LAS VEGAS--Utilizing the strengths of various wireless technologies and masking their weaknesses is critical to successfully implementing an effective integrated network, according to speakers during a Tuesday technology session at IWCE in Las Vegas.

During the session, entitled “Innovations in Wireless Data Technologies and Applications,” Pierre Catala and Joseph Morgan of the Lockard & White consultant group reviewed various technology options--including cellular, private radio and unlicensed alternatives--to create a wireless information network in an airport that could be used by airport personnel, first responders and passengers.

“There is no one solution,” said Catala, who also is a telecommunications senior lecturer at Texas A&M.

Catala repeatedly emphasized the need for network designers to build firewalls and noted potential pitfalls with each technology. For instance, he said network designers should carefully note the impact that something as simple as a microwave oven can have on wireless communications.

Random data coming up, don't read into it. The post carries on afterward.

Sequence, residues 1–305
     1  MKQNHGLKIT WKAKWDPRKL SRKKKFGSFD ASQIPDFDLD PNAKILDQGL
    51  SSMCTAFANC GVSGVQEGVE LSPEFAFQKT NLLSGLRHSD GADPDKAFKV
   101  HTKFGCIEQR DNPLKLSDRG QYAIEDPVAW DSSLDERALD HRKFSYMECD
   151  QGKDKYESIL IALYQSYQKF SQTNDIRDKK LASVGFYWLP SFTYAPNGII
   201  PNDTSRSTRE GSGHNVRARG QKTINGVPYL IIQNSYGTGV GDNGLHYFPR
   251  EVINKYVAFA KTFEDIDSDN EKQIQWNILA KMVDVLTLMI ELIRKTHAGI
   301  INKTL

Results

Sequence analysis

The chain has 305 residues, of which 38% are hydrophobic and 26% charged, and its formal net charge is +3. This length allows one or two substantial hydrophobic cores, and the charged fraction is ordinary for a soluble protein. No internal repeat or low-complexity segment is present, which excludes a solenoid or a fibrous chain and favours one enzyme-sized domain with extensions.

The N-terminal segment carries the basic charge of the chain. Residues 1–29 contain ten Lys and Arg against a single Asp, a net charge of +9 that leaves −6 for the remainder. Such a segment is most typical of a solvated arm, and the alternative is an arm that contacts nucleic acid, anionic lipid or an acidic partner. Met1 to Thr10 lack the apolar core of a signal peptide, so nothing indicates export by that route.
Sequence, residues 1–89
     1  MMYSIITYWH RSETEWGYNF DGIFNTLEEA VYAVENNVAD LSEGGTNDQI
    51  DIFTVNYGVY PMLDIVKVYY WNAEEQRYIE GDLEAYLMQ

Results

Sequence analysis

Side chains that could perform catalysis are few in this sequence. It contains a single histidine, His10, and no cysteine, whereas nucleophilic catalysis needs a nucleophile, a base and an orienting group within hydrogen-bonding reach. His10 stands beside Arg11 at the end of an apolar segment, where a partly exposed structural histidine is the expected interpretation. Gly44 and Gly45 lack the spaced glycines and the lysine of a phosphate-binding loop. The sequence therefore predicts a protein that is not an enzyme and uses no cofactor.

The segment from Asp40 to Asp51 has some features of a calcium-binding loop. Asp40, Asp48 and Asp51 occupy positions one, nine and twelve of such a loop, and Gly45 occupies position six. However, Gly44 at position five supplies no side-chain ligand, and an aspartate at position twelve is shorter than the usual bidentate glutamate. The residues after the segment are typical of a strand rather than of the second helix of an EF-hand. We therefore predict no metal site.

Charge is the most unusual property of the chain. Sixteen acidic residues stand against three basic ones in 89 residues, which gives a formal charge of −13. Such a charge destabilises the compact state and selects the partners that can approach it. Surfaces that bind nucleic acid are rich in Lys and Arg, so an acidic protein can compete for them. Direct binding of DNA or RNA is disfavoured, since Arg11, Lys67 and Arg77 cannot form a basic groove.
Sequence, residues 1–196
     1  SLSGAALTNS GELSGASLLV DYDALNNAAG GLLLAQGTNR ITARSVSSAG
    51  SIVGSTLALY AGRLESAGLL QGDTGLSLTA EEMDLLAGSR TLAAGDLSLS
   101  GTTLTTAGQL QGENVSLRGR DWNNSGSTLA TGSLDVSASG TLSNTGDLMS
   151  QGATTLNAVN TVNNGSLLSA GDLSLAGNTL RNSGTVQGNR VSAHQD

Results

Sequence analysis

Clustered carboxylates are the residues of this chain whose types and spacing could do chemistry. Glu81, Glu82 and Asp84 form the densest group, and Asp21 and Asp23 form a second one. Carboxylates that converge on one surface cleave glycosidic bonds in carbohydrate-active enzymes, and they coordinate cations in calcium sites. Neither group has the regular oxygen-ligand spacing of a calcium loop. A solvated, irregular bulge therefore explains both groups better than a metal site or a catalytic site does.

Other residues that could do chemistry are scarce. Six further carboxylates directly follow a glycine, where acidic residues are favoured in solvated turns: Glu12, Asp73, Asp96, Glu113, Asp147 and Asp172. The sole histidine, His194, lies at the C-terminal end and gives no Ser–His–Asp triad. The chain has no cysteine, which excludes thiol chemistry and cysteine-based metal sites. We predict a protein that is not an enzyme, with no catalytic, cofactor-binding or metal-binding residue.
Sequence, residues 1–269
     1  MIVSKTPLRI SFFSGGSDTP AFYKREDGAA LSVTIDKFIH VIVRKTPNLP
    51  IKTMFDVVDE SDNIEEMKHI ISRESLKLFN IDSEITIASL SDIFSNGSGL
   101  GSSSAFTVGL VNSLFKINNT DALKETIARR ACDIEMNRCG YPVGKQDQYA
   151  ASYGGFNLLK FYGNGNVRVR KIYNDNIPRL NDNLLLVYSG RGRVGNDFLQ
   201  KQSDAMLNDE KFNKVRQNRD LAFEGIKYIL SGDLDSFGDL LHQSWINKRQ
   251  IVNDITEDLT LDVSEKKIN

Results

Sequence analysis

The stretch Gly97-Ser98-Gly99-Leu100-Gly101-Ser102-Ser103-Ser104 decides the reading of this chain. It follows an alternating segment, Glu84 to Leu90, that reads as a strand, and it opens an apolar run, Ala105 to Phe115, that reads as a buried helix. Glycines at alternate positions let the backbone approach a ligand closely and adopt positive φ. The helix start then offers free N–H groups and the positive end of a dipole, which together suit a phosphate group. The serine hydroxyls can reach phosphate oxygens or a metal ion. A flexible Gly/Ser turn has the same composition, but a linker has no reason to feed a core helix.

“The microwave radiation is lowered to a point where it’s not dangerous to your health,” he said. “That doesn’t mean it’s not dangerous to your wireless LAN.”

Catala also offered some cautionary thoughts about the performance of mesh networks that require multiple hops through wireless routers.

“The more you repeat the signal from node to node, the more you degrade the signal-to-noise ratio, the more you’re going to increase distortion and the more you’re going to decrease the bit rate,” Catala said. “If you’re going to hop one node, you can do 10 MB/s; if you’re going to hop five nodes, it will no longer be 10 MB/s.”

In addition, Catala said there is discussion in academic circles that mesh nodes that can recognize each other and operate on the same frequency may cause their performance to be degraded if heavy traffic requires them to transmit simultaneously. This notion is contrary to assertions from wireless mesh vendors, which contend their networks are strengthened as more users enter an area.